The diagnostic analysis of a gene typically targets the exons (the protein-coding parts of the gene) because about 85% of disease-causing mutations localize in the exons or the directly adjacent sequences.
Sequencing of DNA describes a process that determines the succession (sequence) of its smallest building blocks, the nucleotides (abbreviated as A, C, T and G) which compose the genetic code. The Sanger sequencing method has been the gold standard for decades : Each exon of a gene known to be associated with a given disease first needs to be amplified by the polymerase chain reaction (PCR). Millions of copies are generated using the patient’s gene copies as a template.
In a sequencing PCR (chain termination method), the fluorescence-labelled PCR products are then separated and visualized on a capillary sequencer and subsequently compared with the normal (“wild-type”) sequence. The applicability of this exon-by-exon and gene-by-gene approach is limited in case of disorders that are due to mutations in large and/or many genes (e.g. retinal dystrophies, deafness, developmental delay, epilepsy). Until recently, a genetic diagnosis has therefore been the exception for most patients.
The establishment of NGS technology in a diagnostic setting (which started around 2010) has truly revolutionized the field of medical genetics and – since genetic disorders concern every medical speciality – medicine as a whole. Genetic disorders have now become accessible to comprehensive diagnostic analysis.
NGS of gene panels plays a predominant role, but exome and genome sequencing are constantly gaining importance. In exome sequencing, either the exons of all genes knowingly associated with inherited diseases (Clinical Exome Sequencing, CES) or the exons of all human genes (Whole-Exome Sequencing, WES) are being sequenced. In genome sequencing (Whole-Genome Sequencing, WGS), also the non-coding parts (corresponding to 99% of the genome) are sequenced. Mutations in those parts can, for instance, prevent exons or complete genes from being translated into the corresponding protein.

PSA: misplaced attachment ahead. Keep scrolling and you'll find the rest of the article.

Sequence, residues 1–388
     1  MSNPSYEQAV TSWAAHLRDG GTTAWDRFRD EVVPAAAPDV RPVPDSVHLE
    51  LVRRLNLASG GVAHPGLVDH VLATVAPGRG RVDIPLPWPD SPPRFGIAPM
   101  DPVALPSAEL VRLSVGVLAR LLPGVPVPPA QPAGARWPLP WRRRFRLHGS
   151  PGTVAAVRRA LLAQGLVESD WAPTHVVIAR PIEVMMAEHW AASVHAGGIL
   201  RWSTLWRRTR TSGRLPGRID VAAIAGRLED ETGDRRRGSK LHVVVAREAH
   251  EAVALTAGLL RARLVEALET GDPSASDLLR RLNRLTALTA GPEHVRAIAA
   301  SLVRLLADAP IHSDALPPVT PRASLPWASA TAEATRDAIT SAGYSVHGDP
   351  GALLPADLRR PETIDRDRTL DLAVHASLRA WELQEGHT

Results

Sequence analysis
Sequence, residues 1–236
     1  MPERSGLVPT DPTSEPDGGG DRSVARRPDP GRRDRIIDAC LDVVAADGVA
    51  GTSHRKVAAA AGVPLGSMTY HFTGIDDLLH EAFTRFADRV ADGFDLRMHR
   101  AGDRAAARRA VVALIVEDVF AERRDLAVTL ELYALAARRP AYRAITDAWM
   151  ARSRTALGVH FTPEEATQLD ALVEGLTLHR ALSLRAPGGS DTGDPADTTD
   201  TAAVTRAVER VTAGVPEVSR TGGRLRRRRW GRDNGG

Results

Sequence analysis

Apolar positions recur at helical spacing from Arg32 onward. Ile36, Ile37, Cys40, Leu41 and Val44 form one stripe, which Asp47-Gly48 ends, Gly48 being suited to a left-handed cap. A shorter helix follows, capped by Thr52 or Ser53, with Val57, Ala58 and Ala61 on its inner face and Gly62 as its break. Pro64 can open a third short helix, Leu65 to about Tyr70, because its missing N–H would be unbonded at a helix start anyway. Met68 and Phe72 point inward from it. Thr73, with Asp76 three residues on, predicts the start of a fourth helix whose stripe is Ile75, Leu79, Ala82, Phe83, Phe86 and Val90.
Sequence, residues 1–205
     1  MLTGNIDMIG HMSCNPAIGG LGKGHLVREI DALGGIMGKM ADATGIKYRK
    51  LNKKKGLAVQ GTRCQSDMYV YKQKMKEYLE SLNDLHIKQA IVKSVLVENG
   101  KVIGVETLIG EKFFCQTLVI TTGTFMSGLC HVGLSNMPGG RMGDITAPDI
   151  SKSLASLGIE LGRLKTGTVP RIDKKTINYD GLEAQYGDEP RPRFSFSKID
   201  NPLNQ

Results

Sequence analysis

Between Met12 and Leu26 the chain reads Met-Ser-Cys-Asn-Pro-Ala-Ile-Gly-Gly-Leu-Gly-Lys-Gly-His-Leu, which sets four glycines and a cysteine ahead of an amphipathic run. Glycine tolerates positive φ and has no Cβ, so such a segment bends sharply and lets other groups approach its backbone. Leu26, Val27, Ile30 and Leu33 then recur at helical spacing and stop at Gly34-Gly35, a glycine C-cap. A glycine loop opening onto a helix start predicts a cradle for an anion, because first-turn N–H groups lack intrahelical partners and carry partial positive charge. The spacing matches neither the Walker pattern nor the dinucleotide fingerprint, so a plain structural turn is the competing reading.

In short, NGS technologies are based on the following concept: The patient’s DNA, which comprises the genome with its roughly 19,000 genes, is being extracted from a blood sample (or, occasionally, from other tissues). For the analysis of gene panels, the exons of the relevant genes (~6,000 exons in case of retinal dystrophies) are captured from the fragmented DNA through binding to complementary stretches of synthetic nucleic acid (sequence capture) and subsequently sequenced.
The essential difference to the conventional Sanger method (see above) is that DNA amplification and sequencing for many (even hundreds or thousands) genes and exons are carried out simultaneously in a massively paralleled fashion – and not in singular reactions. Through sequence barcodes, sequences can unambiguously be assigned to a patient, which enables “pooling” of samples from many patients. Currently, the Solexa sequencing technology is the most widely used one: Adaptors are ligated to both ends of template DNA fragments and immobilized on a solid phase (flow cell). Based on the starter molecule, clusters of same sequences are being generated (bridge amplification). In a sequencing-by-synthesis-PCR with four chain termination substrates of different fluorescent colours, the nucleotide (which is complementary to the template) incorporated in the cluster in a cycle is being determined (through the emission of light when the fluorescent dye dissociates). To obtain reliable sequences, the target sequences should be covered by a high number of sequence reads (sequence coverage).